Small Business Customer Service: The Last Frontier
I was turned on to Alaska: The Last Frontier about a year ago and was instantly hooked. In the show, the Kilcher family lives on a gigantic homestead in Alaska, hunting, fishing and growing all of their food and making just about everything they need with their bare hands–or from a bunch of spare parts in the back yard. Heck, per Jenny’s recent post, I have seen bears make these folks stronger.
The name of the game in Alaska is to work around the clock in the summer months to store up enough food and supplies for eight months of brutal winter. While I admittedly purchase almost everything I own and travel to a store for almost everything I eat, there are some strong parallels between the homesteader lifestyle and doing customer service in a small business setting. Here are my top five:
In Alaska, waste is not a word in their vocabulary. I’ve seen them turn an old trailer into a cow milking station and the severed roof of a Volkswagen bug into a sled for hauling hay in the winter. In small business customer service, resources are often limited. It might mean that in order to offer customer service on all of the latest and greatest support channels you might have to have a few freemium tools mixed in there that don’t totally integrate into one slick system. While you may start out with this due to a tight budget, the key is to constantly find cost effective ways to improve tools and integration.
I’m convinced there’s nothing the Kilcher family can’t do or make. They are musically talented can grow or make just about anything with their hands. In a small business, it’s very rare that you can make a living doing one specific job. When it comes to customer service you may be asked to wear many hats. To ensure the success of you, the organization, and your customers it’s best to embrace these with a positive, willing attitude.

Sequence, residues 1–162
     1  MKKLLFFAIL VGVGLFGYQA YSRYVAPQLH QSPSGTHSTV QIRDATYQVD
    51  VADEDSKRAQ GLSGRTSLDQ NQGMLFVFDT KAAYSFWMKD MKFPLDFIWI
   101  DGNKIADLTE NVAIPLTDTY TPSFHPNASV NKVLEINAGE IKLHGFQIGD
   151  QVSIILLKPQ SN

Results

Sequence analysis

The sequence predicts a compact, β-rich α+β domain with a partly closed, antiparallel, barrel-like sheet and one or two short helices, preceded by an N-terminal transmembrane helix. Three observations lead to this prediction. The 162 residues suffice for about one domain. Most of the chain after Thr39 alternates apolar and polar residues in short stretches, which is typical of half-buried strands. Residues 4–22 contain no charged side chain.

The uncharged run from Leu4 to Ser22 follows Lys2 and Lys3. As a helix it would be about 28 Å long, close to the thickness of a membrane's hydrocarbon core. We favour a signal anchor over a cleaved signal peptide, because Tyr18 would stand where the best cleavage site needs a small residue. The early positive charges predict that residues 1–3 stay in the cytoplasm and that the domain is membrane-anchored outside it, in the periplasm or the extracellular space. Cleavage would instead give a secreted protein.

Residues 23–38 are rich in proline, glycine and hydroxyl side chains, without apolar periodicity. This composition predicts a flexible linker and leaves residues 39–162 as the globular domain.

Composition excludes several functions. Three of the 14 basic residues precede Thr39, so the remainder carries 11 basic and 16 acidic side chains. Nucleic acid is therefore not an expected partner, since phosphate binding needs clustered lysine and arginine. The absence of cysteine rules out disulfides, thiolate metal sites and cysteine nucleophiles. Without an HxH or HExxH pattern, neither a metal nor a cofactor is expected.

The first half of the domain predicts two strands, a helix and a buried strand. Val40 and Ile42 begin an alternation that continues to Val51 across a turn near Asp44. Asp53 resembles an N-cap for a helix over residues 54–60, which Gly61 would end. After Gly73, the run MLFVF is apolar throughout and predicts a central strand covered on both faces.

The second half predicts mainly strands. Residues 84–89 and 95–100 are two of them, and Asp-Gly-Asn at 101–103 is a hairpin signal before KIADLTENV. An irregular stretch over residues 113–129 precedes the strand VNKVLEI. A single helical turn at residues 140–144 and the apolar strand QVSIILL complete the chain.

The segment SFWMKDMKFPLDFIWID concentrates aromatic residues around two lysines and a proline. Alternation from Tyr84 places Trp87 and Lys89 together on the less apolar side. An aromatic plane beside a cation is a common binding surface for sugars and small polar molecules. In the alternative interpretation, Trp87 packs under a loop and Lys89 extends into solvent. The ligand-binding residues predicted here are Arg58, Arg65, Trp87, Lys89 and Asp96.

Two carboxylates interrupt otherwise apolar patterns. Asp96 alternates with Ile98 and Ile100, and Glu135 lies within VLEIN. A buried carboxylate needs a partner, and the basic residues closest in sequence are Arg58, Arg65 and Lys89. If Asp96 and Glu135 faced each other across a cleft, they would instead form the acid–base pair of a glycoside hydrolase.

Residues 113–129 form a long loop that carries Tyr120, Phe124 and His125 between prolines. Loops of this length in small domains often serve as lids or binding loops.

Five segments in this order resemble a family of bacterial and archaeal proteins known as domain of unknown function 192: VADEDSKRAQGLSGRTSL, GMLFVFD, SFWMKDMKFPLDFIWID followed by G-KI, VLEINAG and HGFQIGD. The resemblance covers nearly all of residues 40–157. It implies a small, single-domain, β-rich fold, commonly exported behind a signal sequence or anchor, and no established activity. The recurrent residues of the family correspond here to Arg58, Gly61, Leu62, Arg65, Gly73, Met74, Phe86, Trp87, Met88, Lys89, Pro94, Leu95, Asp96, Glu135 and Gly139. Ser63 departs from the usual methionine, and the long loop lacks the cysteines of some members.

On the homestead, the Kilcher family frequently goes on bear hunts. When it comes to hunting, an accurate shot is all the difference between hundreds of pounds of food in their freezer and none. Accuracy is a must. In a small business every customer is the life blood of your organization. This doesn’t require perfection but it does require accuracy. It’s critical to have a well-trained team that consistently addresses customer issues accurately.
There’s a lot of hunting and killing of animals in Alaska: The Last Frontier. While this may turn many viewers off to the show, it is a critical means of survival for the Kilcher family. They always portray it in a responsible way. The hunter always thanks the animal for the life and sustenance they are providing to them and they are always careful to use as much of the animal as they possibly can. Similar to being resourceful, it’s essential to be responsible in small business customer service. It’s about being grateful for every dime you earn and every customer you win and wasting nothing.
Finally, in the show there’s a strong sense of family and community. They constantly share their time and resources and are frequently seen lending a neighbor a hand with their cattle or some other project. On a small business customer service team, it is critical that we are cohesive–constantly sharing our knowledge and resources to help each other out.
Are you a fan of the Kilcher family and/or customer service in a small business setting? What are some parallels you see that I might have missed? Feel free to share in a comment!